Extensive compressor reviews and FAQ

"It killed my tone and my dynamics."
I see this line pretty often. There are several factors that can cause this experience:
First, it really is an unfortunate reality that many compressors roll off some of your high frequencies, and our ears/minds hear that as a deadening of the tone. With units like that, the only easy solution for brighter, livelier sound is to get a different compressor. The more challenging solution would be to modify the unit you have with a better op-amp or wider-range input or output filtering, if you are experienced in that sort of work. Don't bother adding an EQ or an enhancer/maximizer after the compressor, as those devices cannot actually "put back" any frequencies that have been cut off.
Second, some compressors can alter your tone when you set them to heavier compression settings. If you don't like the tone you hear from your comp, try using a lower ratio and a higher threshold. How much that helps will vary widely depending on the specific unit you're using. Also, try lowering the level of the signal going into the comp- that can help because some units use the input gain to determine the threshold. I find that the majority of complaints about dead tone result from not understanding the relationship between the output level of your instrument and the threshold (sensitivity) and ratio of the pedal.
Another aspect of the heavy-compression problem is that a large part of what we hear/feel as "huge deep low end" is actually due to very tall amplitude spikes in the very low frequencies, because it takes exponentially more energy to make a low frequency wave "sound loud" compared to a higher frequency. If your speakers can take the resulting power spikes, then there's nothing wrong with rocking those huge wave peaks as much as you like. If you're at all concerned about blowing speakers, then strong compression (limiting) is the tool you need to use, and losing the sound/feel of a pants-flapping low end is a necessary sacrifice. But even if the speakers are not such a concern, you may like what a "medium" amount of compression does for your tone in the highs and mids, but hate what it does to your lows. That's why multi-band compression was invented; see my article about that. It's also something that can be corrected by putting an EQ in the sidechain of the comp, to make the comp less sensitive to low frequencies.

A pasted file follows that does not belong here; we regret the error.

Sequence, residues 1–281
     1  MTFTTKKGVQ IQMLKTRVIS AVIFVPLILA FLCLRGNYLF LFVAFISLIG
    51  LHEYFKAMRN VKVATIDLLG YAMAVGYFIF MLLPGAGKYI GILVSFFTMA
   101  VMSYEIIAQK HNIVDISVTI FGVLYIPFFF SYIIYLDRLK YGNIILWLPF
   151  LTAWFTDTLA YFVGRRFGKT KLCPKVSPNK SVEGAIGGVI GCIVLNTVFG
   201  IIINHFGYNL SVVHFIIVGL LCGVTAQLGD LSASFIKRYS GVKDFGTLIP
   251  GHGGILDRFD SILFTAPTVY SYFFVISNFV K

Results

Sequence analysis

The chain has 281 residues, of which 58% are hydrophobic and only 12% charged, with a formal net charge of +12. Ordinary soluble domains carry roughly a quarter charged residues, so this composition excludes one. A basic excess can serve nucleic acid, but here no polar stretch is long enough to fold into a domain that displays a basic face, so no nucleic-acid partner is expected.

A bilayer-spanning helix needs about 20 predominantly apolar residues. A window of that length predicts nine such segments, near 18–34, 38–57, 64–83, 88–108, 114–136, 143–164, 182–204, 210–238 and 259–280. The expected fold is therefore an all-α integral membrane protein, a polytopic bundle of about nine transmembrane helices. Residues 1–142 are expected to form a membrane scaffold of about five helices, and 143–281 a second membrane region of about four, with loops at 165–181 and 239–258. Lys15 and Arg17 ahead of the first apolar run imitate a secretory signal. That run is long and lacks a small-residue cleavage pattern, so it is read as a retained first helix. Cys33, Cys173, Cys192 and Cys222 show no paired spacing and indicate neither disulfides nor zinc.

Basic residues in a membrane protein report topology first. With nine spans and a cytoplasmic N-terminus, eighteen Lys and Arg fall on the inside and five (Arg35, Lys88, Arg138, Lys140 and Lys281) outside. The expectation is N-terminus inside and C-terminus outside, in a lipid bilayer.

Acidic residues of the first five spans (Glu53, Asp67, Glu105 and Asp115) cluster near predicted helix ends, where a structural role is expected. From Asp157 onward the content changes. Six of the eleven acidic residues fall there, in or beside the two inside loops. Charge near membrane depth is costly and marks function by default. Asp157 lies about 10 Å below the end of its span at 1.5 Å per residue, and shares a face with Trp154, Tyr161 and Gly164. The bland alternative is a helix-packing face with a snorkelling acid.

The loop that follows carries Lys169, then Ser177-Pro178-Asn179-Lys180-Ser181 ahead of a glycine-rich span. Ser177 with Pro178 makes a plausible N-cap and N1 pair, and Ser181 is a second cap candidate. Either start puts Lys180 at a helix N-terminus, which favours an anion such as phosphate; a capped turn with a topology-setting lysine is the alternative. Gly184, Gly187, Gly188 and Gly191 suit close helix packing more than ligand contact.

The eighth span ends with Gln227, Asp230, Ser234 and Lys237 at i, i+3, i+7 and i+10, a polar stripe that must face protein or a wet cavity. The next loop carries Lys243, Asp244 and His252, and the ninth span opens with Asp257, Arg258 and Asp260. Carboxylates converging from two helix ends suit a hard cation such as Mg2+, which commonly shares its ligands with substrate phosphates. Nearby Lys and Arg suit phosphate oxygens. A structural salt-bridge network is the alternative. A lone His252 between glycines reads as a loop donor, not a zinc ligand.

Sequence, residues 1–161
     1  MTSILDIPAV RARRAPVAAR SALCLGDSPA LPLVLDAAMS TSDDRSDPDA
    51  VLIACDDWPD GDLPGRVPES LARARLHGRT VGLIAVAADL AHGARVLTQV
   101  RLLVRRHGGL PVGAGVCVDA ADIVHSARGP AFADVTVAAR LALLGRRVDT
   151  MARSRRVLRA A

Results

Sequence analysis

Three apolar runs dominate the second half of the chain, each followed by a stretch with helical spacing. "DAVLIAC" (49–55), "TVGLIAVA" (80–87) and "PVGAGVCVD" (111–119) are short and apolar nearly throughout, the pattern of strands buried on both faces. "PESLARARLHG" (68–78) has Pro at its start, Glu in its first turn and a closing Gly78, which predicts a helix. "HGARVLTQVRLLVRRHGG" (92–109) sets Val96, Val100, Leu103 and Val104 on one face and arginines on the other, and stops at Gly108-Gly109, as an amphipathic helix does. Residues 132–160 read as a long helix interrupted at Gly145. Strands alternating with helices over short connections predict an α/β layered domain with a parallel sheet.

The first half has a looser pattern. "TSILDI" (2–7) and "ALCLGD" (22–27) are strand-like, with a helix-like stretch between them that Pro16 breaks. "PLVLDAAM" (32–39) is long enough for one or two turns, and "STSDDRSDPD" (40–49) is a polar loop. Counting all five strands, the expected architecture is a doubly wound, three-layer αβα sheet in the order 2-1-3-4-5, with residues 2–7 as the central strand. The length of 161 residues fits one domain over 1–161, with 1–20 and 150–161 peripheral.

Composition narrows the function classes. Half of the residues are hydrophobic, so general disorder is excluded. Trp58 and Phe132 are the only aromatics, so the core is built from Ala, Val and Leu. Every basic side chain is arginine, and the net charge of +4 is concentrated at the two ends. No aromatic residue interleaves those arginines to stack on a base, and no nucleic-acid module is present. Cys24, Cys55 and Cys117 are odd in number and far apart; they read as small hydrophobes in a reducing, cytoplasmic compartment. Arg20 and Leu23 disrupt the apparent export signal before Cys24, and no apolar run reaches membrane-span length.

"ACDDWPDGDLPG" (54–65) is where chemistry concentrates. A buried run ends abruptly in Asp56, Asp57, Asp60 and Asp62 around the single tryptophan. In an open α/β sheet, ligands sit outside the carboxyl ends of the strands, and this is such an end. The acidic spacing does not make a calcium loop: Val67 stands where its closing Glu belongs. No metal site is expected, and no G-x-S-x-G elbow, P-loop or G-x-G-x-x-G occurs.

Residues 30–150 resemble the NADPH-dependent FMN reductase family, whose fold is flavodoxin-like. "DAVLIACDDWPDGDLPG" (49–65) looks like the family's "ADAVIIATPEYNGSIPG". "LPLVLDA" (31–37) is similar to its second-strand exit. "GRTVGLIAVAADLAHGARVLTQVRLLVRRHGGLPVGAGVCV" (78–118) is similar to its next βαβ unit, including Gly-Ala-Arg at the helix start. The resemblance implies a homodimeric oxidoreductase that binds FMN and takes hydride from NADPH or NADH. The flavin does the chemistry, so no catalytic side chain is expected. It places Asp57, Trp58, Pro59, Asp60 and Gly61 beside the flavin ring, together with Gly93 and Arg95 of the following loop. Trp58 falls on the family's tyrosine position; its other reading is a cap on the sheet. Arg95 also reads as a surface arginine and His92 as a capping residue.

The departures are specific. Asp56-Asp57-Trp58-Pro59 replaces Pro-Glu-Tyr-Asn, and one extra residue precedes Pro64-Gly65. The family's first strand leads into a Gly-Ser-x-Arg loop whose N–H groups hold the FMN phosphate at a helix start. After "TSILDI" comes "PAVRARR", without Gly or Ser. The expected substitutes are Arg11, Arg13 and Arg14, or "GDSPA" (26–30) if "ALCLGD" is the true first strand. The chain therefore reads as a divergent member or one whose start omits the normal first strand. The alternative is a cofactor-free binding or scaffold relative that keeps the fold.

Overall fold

Most people who have had these problems with comps robbing the low end of its strength have never spent time working with either the multi-band or sidechain systems. That's a normal situation, so my point here is not to put those people down, but instead to let you know that not all comps behave the same way, and there are better tools out there than the ones you may have used before.
As far as "killing the dynamics"... that is 100% a result of using too much compression. Compression is all about modifying your dynamics, that's the point. But if it "kills them", for your purposes or tastes, then you've got it set too strongly. Raise the threshold and lower the ratio. Or if your pedal just has two knobs, dial back the one that controls the amount of compression. In the case of something like the Boss CS-3, you'd dial back the "Sustain" knob, and also reduce the level of the signal going into the pedal in order to raise the threshold. You may have to turn down the output volume on your bass to make that happen.